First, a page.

They are routinely used in both structural and non-structural automotive applications. Epoxy and PU sound deadening materials and structural adhesives are now used between body shell layers instead of mechanical fasteners. This lowers a car's weight, improving fuel efficiency along with reducing the likelihood of corrosion. Adhesives also offer better aesthetics as compared to mechanical fastening. Adhesive joints can show higher strength and stress dispersion than other attachment methods in automobiles. Epoxy adhesives are used for load carrying members and areas where aesthetic constraints demand perfect joint stability as they provide the stiffest bond. PU is used where elasticity is required, as in vibration damping or shock absorption while acrylate adhesives offer balance properties. Hot melt adhesive is gaining higher share of the automotive industry due to emission problems of elimination of volatile organic compound. Water based adhesives are also gaining higher penetration.
The application and processing characteristics of an adhesive represent, perhaps, the greatest value to the automobile manufacturer as they enable cost efficient designs.

As per a report by Sri Consulting, the polymer dispersion/emulsion adhesives category is the largest because of their versatility and moderate price, followed by solvent-based adhesives. Consumption of solvent-based adhesives is on the decline in developed countries primarily because of VOC emission regulations, but is growing strongly in developing countries such as China following the rise of shoe manufacturing. Silicone products dominate the sealants market, followed by polyurethane products. Polysulfide sealants are losing market share to these products and to commodity sealant products. Silicon-modified polyether sealants have expanded beyond their Japanese production base to the larger markets in North America and Western Europe.

The following pie charts show world consumption of adhesives and sealants.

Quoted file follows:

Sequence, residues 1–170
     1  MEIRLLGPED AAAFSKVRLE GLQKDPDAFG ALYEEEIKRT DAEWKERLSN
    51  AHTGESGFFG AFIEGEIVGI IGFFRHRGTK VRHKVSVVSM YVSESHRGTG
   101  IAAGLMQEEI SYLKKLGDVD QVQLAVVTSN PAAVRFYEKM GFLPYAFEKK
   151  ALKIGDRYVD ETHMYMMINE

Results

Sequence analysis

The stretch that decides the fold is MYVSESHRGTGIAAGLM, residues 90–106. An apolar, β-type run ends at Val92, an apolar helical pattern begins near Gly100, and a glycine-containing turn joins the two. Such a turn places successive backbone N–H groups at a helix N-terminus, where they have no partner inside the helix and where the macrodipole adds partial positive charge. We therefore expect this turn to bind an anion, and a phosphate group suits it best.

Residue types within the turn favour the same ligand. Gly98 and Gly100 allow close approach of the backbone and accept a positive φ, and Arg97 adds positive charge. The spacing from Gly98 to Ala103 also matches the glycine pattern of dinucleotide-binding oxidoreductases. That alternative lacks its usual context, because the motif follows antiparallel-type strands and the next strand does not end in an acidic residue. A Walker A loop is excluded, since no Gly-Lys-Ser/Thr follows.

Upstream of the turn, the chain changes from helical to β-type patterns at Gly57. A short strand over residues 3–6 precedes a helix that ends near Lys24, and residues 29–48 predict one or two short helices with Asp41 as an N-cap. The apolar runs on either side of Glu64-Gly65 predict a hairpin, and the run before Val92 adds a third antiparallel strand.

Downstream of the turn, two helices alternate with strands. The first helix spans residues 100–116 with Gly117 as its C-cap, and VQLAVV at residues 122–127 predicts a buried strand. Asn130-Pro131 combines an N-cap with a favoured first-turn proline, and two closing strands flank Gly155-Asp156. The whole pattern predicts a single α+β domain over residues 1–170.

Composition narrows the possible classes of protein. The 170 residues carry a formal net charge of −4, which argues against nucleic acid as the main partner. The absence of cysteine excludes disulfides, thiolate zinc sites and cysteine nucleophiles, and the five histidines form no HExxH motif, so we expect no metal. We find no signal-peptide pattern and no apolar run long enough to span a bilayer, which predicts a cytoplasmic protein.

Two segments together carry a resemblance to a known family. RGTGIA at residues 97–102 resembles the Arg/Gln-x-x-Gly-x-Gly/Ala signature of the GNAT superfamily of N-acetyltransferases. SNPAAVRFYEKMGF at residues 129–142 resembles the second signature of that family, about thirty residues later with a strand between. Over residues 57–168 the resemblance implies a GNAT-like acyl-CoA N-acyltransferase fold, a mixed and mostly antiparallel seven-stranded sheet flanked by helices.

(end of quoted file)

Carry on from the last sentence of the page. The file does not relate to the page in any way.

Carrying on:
Significant increases in price of petroleum-derived feedstocks have impacted adhesive and sealant producers. Typically producers with valuable brands have exercised pricing power and tried to maintain margins during rising raw material prices although this was exceptional during the economic recession in 2008 since raw material price increases tended to outpace adhesive and sealant price increases, particularly in H1-2008. Consolidation in the adhesives and sealants industry has built depth in vertical integration and broadened product lines in some major companies such as Henkel, while other companies have shut down, spun off poorly performing or less related businesses or reduced the array of products offered, such as General Electric and H.B.Fuller. However, the industry remains highly fragmented, with numerous small and medium-sized companies with a relatively high level of customization and service, particularly in the highest-value adhesive and sealant segments. The cost of producing adhesives and sealants is attributable primarily to the cost of the raw materials along with the requisite service component of training customers and helping them resolve manufacturing issues. Adhesives compounding equipment is typically installed in multipurpose units that are seldom dedicated to a specific product. Important strengths in manufacturing are flexibility, low-cost production units and appropriate quality control. In general, the adhesives business is highly competitive, especially in the commodity sector. Prices and margins vary, depending on the specific adhesive or sealant, market segment, and regional market. In general, gross margins for adhesive products commonly range from 15-25% for commodity products, while specialty products can range to as much as 45-50% or more. Environmental regulations continue to increase as more VOC emission sources are targeted for reduction or elimination. Some producers have switched from targeted solvents to other solvents only to find they must switch again with new regulations, or have changed to lower or no-emission technologies. Waterborne products continue to push into commodity markets, but their penetration into specialty segments has slowed because of the formulating difficulties and performance challenges in the solvent borne segments. Although the consumption of solvent-based adhesives is continuing to decline in North America, Western Europe and Japan, this category is growing steadily in China and the rest of Asia, following the growth of relocated industries such as shoe manufacturing. Overall, hot melt technologies have seen the greatest growth globally, because they offer very low or no emissions, work on a variety of substrates, and are easy to apply. Also, new low-temperature and reactive hot melt products have expanded the possible end-use areas for these adhesives.